During the summer, moths are infamous for flying aimlessly near your front entrance light. They are contemplating whether to be close to or far from the lighting as their dusty wings flutter. Have you ever wondered what do moths eat while observing their erratic behavior?
While there are few exceptions, moths mostly consume liquids from rotting food, sap, and floral nectar. Some adult moths spend time obtaining their fluids from mud and moist sand because they do not even have much of an appetite.
It’s a widespread myth that moths gorge themselves on clothing. In actuality, when they are in the larval stage, they do the majority of their harm. Larvae of clothes moths consume virtually all types of plant and animal fibers. In this article, we’ll present all the relevant information on what moths eat.
- Adult moths lack the necessary mouthparts to consume the lint from your clothing
- It’s larvae that do the damage and eats away at most things in your household
- Clothes moth larvae get their sustenance from eating keratin, the protein in animal-based fibers
- Keratin is found in garments made from animals (cashmere, wool, silk, feathers, and fur)
- Natural fibers found in clothing, carpet, draperies, upholstery, and bedding are consumed by both varieties of house moths
- Pantry moths target cereal, grains, beans, nuts, flour, dried fruit, birdseed, dry animal food, spices, chocolate, and candy
What Do Moths Eat?
What spiders, ants, and other insects consume is pretty obvious, but it might be challenging to determine what foods moths like to consume. All you really see of them is them fluttering here and there.
Moths come in various species, and the majority of them ingest nectar from flowers that are in bloom at night. These nocturnal insects grow into adulthood with a proboscis, a tube-like device that allows them to siphon liquids from plant nectar, tree sap, animal excrement, keratin, and droppings as a food source.
You might come across a few different species nibbling on the soft cashmere and woolen clothing’s natural fibers. Two such species are the Tineola bisselliella (clothing moths) and the Tinea pellionella (case-making clothes moths).
Adult moths lack the necessary mouthparts to consume the lint from your clothing. Instead, the feeding is being done by the moth larvae’s insatiable appetite.
To grow and pupate into adult clothing moths, the larvae must have food. As a result of evolution, clothing moths have adapted to rely on the protein keratin found in garments made from animals (cashmere, wool, silk, feathers, and fur mainly).
This is why the existence of clothes moths poses a threat to your investment wardrobe pieces, priceless home textiles, and priceless rugs and carpets. Keratin is also in human hair and shed skin cells. Household dust contains human and pet hair/skin cells so cleanliness is important.
What Do Moths Eat in Your Home?
In your home, you will typically find moths and their larvae eating away in the 3 following locations:
- Under the sofa
- In the wardrobe
- In the attic
Moths Under the Sofa
Vacuuming is frequently a short work, heavy furniture is challenging to shift, and moths like dark, quiet spaces to lay their eggs – furniture frequently rests on wool rugs or carpets making it ideal for moths.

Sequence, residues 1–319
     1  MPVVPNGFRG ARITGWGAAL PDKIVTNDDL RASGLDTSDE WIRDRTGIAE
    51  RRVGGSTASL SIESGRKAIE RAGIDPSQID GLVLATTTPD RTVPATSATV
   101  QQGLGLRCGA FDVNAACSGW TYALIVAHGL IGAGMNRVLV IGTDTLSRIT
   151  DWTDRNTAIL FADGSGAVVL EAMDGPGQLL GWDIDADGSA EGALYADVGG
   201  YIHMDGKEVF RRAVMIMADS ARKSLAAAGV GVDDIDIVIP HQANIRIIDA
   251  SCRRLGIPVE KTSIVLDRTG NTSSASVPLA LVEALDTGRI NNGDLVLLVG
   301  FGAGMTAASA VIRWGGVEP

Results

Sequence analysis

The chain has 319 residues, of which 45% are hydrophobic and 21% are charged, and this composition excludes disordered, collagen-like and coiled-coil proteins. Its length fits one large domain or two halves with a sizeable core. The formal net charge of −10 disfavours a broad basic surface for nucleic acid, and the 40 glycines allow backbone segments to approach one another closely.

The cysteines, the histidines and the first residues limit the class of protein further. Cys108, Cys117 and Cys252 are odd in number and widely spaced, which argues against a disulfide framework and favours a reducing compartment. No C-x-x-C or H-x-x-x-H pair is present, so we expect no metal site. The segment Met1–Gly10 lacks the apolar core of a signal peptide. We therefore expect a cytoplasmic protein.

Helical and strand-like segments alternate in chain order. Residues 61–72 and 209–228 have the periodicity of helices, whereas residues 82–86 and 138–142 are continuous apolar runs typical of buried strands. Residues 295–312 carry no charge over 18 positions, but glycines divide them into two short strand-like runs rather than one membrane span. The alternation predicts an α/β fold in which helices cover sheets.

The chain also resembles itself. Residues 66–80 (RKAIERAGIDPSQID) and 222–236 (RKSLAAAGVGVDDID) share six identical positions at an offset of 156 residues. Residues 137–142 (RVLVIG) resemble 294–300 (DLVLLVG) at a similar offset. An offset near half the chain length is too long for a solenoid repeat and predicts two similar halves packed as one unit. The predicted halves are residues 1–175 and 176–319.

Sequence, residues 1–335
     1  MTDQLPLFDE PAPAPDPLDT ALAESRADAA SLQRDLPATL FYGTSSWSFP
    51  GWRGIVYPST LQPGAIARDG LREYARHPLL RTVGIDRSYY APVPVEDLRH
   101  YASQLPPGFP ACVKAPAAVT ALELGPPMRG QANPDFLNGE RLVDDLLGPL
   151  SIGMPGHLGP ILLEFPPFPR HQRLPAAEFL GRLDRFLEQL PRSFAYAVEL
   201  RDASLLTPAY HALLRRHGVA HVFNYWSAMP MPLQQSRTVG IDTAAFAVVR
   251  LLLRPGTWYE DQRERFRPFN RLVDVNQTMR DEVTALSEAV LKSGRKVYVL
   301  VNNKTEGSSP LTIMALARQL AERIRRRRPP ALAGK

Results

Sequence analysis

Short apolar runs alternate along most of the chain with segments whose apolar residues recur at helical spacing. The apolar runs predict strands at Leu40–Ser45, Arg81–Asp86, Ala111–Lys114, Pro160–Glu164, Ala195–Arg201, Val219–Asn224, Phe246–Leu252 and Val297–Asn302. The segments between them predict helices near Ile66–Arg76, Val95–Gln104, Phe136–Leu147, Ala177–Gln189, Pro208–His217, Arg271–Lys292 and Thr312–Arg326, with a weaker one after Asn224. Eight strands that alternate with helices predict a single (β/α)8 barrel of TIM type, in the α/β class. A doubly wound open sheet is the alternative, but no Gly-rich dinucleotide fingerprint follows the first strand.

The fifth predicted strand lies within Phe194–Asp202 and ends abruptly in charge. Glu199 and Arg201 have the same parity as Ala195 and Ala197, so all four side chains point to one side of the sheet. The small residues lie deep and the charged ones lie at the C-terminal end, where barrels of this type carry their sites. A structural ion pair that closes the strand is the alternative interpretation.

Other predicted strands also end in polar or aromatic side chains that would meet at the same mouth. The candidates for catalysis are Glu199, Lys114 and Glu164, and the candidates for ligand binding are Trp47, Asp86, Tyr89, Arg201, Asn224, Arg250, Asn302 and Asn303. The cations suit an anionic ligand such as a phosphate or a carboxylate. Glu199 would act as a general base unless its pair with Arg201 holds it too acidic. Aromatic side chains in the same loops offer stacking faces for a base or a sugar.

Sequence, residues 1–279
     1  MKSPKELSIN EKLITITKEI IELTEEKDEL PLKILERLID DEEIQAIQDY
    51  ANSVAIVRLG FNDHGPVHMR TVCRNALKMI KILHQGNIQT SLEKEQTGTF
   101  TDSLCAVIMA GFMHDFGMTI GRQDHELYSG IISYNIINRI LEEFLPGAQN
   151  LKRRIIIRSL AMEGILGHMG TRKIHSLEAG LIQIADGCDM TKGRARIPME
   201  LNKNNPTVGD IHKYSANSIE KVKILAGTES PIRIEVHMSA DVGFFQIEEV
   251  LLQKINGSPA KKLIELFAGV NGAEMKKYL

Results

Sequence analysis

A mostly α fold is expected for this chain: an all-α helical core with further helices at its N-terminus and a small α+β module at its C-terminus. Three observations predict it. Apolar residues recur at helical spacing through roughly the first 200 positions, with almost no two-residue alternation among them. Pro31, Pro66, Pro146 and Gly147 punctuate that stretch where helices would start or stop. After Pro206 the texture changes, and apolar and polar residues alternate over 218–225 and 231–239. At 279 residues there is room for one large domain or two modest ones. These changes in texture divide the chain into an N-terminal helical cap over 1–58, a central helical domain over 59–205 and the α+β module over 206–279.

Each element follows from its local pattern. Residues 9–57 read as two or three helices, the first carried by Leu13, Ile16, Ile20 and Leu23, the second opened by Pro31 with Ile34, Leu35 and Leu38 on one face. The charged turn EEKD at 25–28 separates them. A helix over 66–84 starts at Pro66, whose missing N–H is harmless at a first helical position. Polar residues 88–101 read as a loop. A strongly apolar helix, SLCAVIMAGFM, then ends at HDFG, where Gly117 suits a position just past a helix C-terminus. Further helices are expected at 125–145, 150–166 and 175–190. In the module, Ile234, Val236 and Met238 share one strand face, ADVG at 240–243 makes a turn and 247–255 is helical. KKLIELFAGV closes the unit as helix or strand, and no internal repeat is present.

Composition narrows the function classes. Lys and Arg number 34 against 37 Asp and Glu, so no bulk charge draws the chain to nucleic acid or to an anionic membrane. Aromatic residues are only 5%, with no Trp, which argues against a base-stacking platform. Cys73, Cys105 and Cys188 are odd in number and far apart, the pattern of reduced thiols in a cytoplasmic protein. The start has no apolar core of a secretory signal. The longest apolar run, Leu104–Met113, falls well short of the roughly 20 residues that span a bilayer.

Moths in the Wardrobe
Heavy winter gear, especially jackets and sweaters, is frequently kept folded in dresser drawers or hung in wardrobes during the summer. They frequently sit unused for several months making them attractive for moths to lay eggs since they are not always kept in airy, moth-proof garment storage bags.
Moths in the Attic
We’ve heard countless tales about grandma’s fur coat or the infamous silk Persian rug. These objects frequently sit in the dark motionless for years, which creates the ideal conditions for a significant clothing moth infestation. It might only be a matter of time before moths move into your wardrobe in pursuit of the delicious, silky cashmere!
What Do House Moths Eat?
Natural fibers found in clothing, carpet, draperies, upholstery, and bedding are consumed by both varieties of house moths. Any natural fiber—wool, silk, cotton, etc.—that they are able to locate will be consumed.
Moths will even consume pet fur or chew through synthetic fabrics to get to the natural fibers underlying if they run out of clothing fibers.
What Do Pantry Moths Eat?
The things pantry moths target include cereal, grains, beans, nuts, flour, dried fruit, birdseed, dry animal food, spices, chocolate, and candy. The most prevalent pantry moth is the Indian meal moth, but correctly recognizing your moth will help you focus your efforts.
What Materials Do Clothes Moths Eat?
Clothes moths only consume animal fibers, particularly wool, leather, silk, fur, and felt. These substances contain keratin, a fibrous protein that can be consumed by the clothing moth larvae, which resemble worms. In nature, the larvae consume bird and animal corpses and nesting materials.
What Types of Carpets and Rugs Do Moths Eat?
Carpet moths can attack any type of carpet, including those made of man-made fibers, despite the fact that they prefer natural carpets, like those made of wool.
Although nylon and polypropylene carpets may provide moths with a less appetizing diet, synthetic fibers are still the best choice for nesting and concealing their eggs.
FAQs (Frequently Asked Questions)
What do moths eat?
Moths exist in many different species, and the bulk of them consume nectar from blooming flowers at night. In order to siphon liquids from plant nectar, tree sap, animal dung, keratin, and droppings as a food source, these nocturnal insects develop a proboscis as they mature into adults.
Do moths eat cotton?
Yes, any natural fiber—wool, silk, cotton, etc.—that they can locate will be consumed. Moths will even consume pet fur or chew through synthetic fabrics to get to the natural fibers underlying if they run out of clothing fibers.